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School district OKs contract therapists in midst of shortage; No qualified applicants

By Staff | Sep 25, 2008

Facing a national shortage in occupational therapists, the Lee County School District has approved a deal that will contract therapists from a St. Petersburg agency to work with students across the county.

The school district is currently experiencing a shortage of occupational therapists with no qualified applicants. Officials estimate a shortage of approximately 300 hours for student consultations, evaluations, the creation of individualized education plans or IEPs, and other documentation.

According to federal requirements in the Individuals with Disabilities Education Improvement Act, any student issued an IEP must have access to services such as speech development, strength and endurance training, and the honing of visual or motor skills.

In Lee County there were approximately 7,000 students with disabilities enrolled in the 2007 to 2008 school year, according to the Florida Department of Education.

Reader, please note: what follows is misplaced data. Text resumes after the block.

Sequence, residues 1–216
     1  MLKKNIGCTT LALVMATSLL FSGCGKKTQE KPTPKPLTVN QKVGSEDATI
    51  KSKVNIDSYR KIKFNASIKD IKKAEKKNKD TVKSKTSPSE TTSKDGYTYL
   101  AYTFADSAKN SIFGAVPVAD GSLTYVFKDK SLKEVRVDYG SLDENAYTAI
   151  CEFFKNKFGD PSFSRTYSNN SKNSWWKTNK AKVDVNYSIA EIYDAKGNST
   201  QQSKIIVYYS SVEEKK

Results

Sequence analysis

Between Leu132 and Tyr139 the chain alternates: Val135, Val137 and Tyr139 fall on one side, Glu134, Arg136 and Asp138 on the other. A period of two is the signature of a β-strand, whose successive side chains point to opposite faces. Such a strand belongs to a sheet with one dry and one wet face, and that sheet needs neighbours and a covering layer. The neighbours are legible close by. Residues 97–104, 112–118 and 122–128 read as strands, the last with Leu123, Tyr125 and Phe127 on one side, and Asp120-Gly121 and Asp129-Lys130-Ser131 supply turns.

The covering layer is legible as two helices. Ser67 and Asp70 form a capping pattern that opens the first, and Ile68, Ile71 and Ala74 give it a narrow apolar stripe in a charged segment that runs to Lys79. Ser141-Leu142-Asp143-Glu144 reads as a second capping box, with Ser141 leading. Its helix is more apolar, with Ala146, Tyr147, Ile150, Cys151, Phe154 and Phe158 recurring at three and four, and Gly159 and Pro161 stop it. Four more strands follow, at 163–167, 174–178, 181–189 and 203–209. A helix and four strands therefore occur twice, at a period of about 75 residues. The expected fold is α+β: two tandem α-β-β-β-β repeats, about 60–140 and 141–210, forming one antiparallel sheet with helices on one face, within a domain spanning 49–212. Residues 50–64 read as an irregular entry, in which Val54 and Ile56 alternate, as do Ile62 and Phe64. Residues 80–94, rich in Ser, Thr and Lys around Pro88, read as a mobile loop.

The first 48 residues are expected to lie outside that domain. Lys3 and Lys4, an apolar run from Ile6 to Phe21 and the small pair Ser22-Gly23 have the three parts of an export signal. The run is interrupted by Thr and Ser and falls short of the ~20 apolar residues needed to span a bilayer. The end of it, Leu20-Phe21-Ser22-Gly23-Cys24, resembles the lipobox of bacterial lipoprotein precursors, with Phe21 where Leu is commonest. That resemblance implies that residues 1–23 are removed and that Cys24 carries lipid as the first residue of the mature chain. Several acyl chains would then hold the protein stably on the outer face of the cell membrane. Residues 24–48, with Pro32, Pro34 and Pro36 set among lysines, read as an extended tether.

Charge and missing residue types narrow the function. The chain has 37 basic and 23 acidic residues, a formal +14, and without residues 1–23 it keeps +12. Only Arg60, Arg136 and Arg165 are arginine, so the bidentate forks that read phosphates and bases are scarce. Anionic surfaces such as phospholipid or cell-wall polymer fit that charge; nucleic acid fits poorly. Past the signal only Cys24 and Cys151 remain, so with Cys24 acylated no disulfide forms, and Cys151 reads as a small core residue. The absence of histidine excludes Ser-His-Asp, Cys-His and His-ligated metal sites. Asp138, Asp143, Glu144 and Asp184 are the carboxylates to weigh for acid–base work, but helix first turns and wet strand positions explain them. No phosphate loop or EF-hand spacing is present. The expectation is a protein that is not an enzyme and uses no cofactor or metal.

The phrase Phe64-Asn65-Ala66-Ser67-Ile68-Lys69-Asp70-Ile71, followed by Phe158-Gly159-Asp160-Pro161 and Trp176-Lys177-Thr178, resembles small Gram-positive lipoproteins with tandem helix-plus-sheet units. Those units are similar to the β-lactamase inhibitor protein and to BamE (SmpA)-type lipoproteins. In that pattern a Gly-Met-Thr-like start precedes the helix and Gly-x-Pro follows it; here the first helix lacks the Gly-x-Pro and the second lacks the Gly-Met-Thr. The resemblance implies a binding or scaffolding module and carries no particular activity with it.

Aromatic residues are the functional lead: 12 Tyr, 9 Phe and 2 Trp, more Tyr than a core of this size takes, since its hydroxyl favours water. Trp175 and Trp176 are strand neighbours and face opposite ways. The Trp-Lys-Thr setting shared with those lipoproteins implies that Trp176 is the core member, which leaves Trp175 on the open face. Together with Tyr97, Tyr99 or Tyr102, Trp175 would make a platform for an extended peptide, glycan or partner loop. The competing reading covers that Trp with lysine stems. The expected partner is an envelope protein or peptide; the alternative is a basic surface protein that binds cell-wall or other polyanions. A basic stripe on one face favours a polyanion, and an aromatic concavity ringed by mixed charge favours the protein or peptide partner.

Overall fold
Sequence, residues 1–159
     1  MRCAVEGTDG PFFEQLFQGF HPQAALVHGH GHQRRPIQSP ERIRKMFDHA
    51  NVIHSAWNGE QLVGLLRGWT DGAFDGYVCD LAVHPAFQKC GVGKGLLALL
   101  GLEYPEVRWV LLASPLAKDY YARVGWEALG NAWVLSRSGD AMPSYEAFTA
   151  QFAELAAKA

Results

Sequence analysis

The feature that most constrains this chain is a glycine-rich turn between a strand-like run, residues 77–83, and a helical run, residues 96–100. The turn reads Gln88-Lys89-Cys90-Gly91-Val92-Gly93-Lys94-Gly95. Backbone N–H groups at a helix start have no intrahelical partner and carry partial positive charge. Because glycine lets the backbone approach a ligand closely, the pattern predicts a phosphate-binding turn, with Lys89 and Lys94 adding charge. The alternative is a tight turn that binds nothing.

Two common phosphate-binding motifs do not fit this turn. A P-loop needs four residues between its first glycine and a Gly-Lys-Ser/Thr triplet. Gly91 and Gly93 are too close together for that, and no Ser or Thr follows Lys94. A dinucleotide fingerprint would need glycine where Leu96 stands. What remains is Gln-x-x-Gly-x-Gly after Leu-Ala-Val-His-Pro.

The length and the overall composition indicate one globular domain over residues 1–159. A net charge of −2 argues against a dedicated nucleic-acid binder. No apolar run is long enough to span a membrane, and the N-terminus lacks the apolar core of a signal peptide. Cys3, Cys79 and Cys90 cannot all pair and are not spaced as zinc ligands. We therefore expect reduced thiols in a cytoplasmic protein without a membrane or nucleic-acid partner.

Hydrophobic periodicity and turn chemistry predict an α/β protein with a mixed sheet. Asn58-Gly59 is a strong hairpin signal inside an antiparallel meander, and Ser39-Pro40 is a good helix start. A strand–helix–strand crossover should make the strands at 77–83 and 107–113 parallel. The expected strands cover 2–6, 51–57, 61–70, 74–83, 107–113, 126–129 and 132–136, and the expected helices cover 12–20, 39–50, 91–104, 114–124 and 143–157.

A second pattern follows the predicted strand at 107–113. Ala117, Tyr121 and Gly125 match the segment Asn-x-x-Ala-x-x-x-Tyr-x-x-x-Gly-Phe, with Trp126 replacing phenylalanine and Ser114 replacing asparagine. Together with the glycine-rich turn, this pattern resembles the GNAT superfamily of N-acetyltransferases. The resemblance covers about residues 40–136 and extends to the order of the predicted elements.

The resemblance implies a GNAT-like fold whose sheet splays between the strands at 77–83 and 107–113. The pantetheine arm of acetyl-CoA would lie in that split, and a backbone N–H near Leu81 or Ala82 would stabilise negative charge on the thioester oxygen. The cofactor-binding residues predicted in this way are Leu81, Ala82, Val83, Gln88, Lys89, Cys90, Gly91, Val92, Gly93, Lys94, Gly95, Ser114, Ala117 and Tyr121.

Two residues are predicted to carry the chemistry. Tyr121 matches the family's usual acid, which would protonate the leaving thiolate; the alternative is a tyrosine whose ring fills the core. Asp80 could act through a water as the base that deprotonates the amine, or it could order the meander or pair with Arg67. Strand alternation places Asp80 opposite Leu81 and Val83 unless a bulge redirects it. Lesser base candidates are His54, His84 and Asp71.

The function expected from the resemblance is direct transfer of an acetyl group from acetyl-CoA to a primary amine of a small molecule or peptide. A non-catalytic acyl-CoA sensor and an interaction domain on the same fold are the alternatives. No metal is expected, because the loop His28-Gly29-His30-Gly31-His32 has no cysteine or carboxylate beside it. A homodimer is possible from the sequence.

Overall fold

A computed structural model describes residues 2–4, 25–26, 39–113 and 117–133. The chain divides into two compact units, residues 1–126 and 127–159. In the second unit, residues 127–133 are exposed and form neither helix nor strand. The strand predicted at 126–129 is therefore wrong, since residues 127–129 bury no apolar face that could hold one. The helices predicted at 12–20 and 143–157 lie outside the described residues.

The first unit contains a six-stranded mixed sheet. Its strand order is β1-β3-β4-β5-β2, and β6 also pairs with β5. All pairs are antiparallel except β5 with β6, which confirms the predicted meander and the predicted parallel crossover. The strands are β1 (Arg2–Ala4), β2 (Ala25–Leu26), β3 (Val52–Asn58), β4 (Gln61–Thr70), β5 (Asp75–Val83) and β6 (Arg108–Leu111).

This year the school district will begin contracting occupational therapists from Community Rehab Associates, an agency that specializes in home- and school-based therapy.

For a licensed occupational therapist, the agency is charging $60 per hour. It is charging $48 per hour for a certified occupational therapist assistant. Services from the occupational therapists will cover 35 hours each week.

Dr. Constance Jones, chief academic officer for the school district, explained that the district has experienced a shortage in these types of therapists, like other organizations nationwide.

“We’ve been in a shortage for the last five years,” she said.

Jones explained that it has been difficult to recruit more occupational therapists because of competition with private practices, and because the student population in Lee County has grown substantially over the last five years.

She added that the deal approved by the school board asks for a maximum of 300 hours, but schools could actually use less or more of that time, depending on the need.

“They will serve students throughout the district,” she said. “We may not use all the available hours on the budget, but we can always go back and add more.”

Contracted services will begin at the end of September through the entirety of the school year, and will cost approximately $65,100. Further, the agency is required to cover professional liability and medical malpractice with a minimum liability of $300,000.